“I’m not saying one is better than the other, I’m just saying the diversity of the Yarra’s landscape lends itself more easily to a diversity of winemaking approaches.”
Goodman relishes the opportunities Coonawarra presents, and has quickly learned what makes the place special. “Dear God, the fruit this place can produce is just bloody sensational,” she says.
Evolution, not Revolution
It would be wrong to see Coonawarra as a wine region trapped in amber. There has been significant change over the last decade, but those changes have been subtle and have taken place within the well-established framework of the classic Coonawarra style.
Most notable of these has been the widespread reworking of the region’s vineyards, a sustained exploration of how best to manage its most valuable assets with fruit quality the singular aim. This focus certainly underpins winemaker John Innes’ philosophy and, he says, he spends time in his vineyard, “continually tasting the fruit for optimal flavour and textural ripeness.”
The minimal pruning regimes that dominated the region in the 1980s have given way to practices more conducive to vine health and various flirtations with both over and under ripeness have given way to a more comfortable middle ground.
A wider clonal mix is now present in the region’s vineyards, offering new angles from which to view the Coonawarra Cabernet picture we think we know so well.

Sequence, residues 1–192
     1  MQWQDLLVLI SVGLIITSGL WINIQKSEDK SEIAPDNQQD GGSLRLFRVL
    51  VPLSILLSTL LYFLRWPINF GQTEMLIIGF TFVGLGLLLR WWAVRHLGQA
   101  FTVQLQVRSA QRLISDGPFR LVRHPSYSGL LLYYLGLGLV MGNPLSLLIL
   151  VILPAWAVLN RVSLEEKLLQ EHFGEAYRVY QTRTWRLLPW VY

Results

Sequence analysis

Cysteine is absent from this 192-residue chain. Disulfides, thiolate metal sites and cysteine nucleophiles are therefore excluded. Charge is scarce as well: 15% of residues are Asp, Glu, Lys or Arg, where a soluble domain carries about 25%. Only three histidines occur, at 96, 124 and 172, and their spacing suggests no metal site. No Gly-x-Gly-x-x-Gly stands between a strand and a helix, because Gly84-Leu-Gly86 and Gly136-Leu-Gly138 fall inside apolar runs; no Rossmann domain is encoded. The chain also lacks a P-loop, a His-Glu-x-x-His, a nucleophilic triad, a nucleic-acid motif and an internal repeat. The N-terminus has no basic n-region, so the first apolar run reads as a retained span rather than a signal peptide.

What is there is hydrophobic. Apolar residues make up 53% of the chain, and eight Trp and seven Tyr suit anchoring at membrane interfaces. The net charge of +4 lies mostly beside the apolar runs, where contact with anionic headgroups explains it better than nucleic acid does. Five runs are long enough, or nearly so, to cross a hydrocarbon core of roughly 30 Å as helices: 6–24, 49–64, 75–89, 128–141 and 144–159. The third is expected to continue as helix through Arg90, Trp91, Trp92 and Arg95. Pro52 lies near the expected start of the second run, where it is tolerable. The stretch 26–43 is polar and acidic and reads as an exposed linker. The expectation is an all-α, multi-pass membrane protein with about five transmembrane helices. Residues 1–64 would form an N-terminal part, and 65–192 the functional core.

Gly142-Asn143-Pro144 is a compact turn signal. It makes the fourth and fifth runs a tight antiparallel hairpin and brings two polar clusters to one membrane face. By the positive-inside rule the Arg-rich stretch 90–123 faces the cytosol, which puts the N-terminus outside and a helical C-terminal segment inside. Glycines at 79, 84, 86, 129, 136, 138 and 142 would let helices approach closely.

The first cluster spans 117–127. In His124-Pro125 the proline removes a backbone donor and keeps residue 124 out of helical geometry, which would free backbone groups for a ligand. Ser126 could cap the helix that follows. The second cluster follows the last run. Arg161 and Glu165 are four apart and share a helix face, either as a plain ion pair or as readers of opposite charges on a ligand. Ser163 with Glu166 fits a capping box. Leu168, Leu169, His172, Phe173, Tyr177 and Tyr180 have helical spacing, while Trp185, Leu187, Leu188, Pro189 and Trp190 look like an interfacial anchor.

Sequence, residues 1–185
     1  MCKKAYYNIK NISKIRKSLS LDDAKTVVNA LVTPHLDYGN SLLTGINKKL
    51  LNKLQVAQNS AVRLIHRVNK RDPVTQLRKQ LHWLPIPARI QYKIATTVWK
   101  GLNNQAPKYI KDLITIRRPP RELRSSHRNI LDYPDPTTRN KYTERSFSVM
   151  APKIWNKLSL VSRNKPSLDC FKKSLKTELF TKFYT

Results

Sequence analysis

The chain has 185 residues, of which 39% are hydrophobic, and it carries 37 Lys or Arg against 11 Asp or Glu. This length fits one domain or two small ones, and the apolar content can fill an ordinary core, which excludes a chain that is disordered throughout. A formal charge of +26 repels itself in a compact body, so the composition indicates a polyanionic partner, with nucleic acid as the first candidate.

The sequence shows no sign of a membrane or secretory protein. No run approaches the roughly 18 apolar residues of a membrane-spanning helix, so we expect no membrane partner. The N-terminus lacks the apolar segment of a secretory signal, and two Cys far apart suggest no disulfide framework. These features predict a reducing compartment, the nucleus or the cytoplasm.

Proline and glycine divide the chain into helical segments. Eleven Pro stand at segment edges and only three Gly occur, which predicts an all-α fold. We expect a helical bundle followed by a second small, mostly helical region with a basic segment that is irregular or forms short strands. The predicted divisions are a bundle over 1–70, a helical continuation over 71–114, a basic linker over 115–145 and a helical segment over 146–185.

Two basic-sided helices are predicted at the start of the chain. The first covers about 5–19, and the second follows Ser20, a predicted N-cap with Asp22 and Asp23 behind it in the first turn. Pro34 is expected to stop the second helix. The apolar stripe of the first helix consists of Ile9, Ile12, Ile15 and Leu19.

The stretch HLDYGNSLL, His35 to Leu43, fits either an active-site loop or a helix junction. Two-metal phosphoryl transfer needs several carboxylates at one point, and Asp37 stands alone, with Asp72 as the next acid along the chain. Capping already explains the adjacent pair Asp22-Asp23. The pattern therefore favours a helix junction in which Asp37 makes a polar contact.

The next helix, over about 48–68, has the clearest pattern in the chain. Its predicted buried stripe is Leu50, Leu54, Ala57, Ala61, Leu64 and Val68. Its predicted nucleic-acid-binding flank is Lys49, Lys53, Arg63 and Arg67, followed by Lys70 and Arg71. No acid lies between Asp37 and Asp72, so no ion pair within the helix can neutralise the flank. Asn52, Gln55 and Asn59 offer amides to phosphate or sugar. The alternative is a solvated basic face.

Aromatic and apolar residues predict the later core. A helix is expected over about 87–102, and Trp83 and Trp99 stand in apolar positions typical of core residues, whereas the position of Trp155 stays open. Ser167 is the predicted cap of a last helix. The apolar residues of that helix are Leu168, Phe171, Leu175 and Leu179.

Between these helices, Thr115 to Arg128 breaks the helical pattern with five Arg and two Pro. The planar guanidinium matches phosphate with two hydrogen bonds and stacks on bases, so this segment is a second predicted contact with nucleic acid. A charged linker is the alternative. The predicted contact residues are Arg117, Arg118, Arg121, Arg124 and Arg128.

Coonawarra has so far been immune from invasion by hipsters who harvest while howling at the moon, so remains untouched by the outer extremes of winemaking methodology, but that doesn’t mean the place is all ‘set and forget’ when it comes to winemaking approach.
But it’s all about refinement rather than re-invention. Concrete fermenters are back in vogue, larger format oak and softer fruit handling are helping shape red wines that are more medium-bodied and supple, yet still retain the region’s famed capacity for ageing. Nick Zema explains it best.
“We’re always looking to improve, but we never forget what this place has always done best,” he says.
“You can go chasing market trends and change up everything you do, but by the time those changes come through to the wine in the bottle, the market’s moved on and you’re just chasing your tail. When you’ve got something that’s considered a classic, you just keep polishing it.”
Looking into the future
So where does the famed terra rossa fit in the Australian landscape? The status Coonawarra once had as arguably Australia’s finest red wine region has slipped – more through the competition catching up than Coonawarra going backwards – but the core of what has made this place great remains and, if anything, the future looks brighter now than it has for a long time.
Coonawarra’s biggest challenge is making the market fall in love with Cabernet again, and with the ongoing refinement of the style – small, considered steps rather than radical reinvention – the region’s winemakers are set to take that challenge on.
Once that’s been done, the story of the region’s outstanding Shiraz, hugely underrated Chardonnay, and affinity with other members of the Bordeaux brotherhood like Cabernet Franc can be told, too.
It will always be a place of traditions and tightly woven community ties and may that always be the case. In a world that flutters on the fickle winds of fashion, some certainty, classicism and Cabernet Sauvignon can prove to be welcome respite.